Troubleshooting an issue? Some of you probably live for the task, others of you never want to hear those words again. It isn’t an activity that is for the faint of heart. It can be incredibly frustrating at times, but when you finally resolve the issue, you are ready to take on the world…especially if the issue has consumed your life for an extended period of time.
When you’re dealing with an exhaust leak, the issue could be a number of things, and it isn’t necessarily the fault of your gasket or gasket material. Keep on reading for things to investigate during your troubleshooting.
1. There could be a problem with the design
Check to see if the joint is loaded sufficiently and not distorting. This could send you back to the drawing board unless you are able to find a gasket material that can compensate for the design deficiencies.
2. At the same time, check for loading issues
Is the load distributed properly and evenly? If not, hopefully it is something that can be corrected. Otherwise, you’ll probably need to revise the material or design until it works properly.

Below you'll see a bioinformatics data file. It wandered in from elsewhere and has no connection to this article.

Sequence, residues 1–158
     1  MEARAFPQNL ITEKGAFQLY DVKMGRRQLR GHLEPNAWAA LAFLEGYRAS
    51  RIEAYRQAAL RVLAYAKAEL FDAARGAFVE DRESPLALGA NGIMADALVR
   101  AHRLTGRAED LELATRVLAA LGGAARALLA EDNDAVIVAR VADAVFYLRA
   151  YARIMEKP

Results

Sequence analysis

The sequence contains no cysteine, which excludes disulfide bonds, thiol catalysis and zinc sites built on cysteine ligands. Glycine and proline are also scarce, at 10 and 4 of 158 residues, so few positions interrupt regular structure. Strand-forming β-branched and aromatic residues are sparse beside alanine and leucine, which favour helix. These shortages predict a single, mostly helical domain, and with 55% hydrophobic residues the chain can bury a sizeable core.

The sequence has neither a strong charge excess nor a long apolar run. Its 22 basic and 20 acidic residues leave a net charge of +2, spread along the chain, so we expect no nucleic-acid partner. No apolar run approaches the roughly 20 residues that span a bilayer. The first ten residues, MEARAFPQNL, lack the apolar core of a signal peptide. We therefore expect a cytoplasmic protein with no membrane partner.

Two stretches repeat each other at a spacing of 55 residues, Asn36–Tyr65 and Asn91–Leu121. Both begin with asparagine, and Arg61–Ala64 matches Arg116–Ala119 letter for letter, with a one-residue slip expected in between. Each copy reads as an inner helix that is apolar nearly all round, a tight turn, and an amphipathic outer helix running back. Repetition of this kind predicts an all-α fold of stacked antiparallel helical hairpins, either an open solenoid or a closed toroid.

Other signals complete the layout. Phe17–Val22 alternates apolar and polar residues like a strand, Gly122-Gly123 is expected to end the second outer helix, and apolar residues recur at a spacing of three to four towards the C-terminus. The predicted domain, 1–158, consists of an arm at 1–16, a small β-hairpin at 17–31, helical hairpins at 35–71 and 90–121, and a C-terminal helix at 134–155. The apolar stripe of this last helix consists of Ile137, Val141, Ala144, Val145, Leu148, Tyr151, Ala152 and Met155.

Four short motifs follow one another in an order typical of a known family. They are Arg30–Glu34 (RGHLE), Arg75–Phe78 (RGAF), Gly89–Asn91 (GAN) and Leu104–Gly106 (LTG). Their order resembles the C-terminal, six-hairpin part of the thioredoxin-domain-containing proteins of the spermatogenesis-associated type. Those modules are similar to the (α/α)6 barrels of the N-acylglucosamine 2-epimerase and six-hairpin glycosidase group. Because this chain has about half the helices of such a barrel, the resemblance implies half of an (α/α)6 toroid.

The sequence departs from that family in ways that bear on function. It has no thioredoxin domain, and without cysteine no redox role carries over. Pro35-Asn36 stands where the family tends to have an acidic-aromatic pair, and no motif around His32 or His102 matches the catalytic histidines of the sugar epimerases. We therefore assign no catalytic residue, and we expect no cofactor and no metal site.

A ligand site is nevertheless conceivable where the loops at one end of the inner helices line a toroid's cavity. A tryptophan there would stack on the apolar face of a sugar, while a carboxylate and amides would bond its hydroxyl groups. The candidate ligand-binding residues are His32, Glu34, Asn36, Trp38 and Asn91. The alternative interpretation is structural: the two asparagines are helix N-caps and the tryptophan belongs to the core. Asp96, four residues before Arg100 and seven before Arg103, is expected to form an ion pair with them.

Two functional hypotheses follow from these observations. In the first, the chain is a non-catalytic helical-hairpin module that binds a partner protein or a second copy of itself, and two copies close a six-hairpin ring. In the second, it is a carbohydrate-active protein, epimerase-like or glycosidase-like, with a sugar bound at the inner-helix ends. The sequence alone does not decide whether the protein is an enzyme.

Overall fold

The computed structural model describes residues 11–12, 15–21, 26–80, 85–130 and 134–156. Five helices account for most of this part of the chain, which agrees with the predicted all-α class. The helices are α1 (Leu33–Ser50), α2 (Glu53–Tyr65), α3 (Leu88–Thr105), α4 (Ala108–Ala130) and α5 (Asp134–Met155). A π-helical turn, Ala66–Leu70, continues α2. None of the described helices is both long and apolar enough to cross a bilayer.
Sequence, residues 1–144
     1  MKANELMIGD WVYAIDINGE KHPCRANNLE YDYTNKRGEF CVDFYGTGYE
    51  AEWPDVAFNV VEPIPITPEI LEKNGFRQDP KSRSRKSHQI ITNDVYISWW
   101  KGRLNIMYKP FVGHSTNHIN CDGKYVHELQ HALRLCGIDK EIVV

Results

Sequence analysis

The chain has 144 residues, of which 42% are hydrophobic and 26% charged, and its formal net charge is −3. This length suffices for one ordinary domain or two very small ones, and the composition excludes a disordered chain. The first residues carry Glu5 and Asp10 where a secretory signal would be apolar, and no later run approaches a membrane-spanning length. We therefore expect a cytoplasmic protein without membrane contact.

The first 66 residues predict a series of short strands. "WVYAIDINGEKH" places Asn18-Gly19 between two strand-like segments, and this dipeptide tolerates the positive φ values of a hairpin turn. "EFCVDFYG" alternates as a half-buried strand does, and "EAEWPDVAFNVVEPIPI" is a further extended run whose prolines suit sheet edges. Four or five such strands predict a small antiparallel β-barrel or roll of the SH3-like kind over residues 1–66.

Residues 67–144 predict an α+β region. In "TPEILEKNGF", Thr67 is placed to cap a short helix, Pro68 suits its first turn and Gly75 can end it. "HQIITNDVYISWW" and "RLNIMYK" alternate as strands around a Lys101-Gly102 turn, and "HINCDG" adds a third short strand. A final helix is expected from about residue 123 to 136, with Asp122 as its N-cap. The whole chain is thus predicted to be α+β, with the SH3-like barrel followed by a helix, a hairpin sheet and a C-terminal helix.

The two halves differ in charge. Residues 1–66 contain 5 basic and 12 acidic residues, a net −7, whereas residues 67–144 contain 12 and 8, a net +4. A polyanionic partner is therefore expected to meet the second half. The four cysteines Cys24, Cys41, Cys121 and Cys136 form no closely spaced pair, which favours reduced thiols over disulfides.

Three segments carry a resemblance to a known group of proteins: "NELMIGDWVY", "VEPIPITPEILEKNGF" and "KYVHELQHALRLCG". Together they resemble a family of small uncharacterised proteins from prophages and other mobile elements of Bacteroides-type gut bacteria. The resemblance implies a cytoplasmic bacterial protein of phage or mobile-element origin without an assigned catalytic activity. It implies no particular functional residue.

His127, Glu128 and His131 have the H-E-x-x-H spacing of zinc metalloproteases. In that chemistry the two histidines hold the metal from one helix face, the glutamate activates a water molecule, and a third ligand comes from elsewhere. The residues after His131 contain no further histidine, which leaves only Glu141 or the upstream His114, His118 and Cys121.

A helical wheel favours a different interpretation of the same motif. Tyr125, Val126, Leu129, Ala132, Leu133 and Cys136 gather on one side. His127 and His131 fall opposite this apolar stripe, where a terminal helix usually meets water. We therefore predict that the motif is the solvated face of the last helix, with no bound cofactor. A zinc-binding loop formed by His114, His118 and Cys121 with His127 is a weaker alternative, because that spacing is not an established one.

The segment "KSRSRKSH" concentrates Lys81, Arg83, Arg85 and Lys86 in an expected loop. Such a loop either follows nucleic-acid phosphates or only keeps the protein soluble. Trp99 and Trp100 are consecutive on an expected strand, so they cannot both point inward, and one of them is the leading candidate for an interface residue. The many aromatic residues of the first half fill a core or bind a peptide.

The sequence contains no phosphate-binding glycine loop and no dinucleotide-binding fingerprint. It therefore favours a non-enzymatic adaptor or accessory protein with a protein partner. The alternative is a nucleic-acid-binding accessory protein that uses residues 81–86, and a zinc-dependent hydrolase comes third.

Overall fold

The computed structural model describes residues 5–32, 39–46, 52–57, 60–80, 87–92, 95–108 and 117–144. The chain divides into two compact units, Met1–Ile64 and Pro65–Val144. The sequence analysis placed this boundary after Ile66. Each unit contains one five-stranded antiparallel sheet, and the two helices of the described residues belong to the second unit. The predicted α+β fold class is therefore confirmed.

3. Maybe the material is not rated for the temperatures observed
Make sure that the material is not burning or oxidizing away. This is an all too common issue. The internal temperatures can very easily exceed what was intended in the design phase once you start testing.
4. There might be too much pressure for the material chosen
Is the internal pressure too high and forcing a leak? If this turns out to be the issue, explore the reasons for the pressure and what can be done about it. Gasket design may require reinforcement from the flange ring to accommodate the pressure.
5. Does it look like there are expansion/contraction issues
Check to see if the thermal expansion may be tearing the gasket apart. If so, can you add a coating to provide lubricity? Otherwise, a more robust material might be the answer. (Metal Tech would offer our AR 400, or something similar, in this situation.)
6. None of the above
If the issue is still a mystery, look at the history of similar applications to see if there is anything obvious that stands out as a factor. Historical comparisons can sometimes be your best troubleshooting method.
As you can see, your exhaust leak could be stemming from various issues. If you weren’t aware of all of the potential causes, hopefully this list will help you focus your investigation. Although some of the causes aren’t directly attributable to your gasket material, a lot of times, a different gasket material can fix the problem (it’s a lot less expensive than a redesign). Once you have narrowed down your issue, talk to your trusted gasket material supplier. They may be able to help you with some of the troubleshooting or possibly suggest a material that will better meet your needs.
What is the most common culprit in your exhaust leak issues? If you are interested in subscribing to Sealed-In’s blog posts, email email@example.com.
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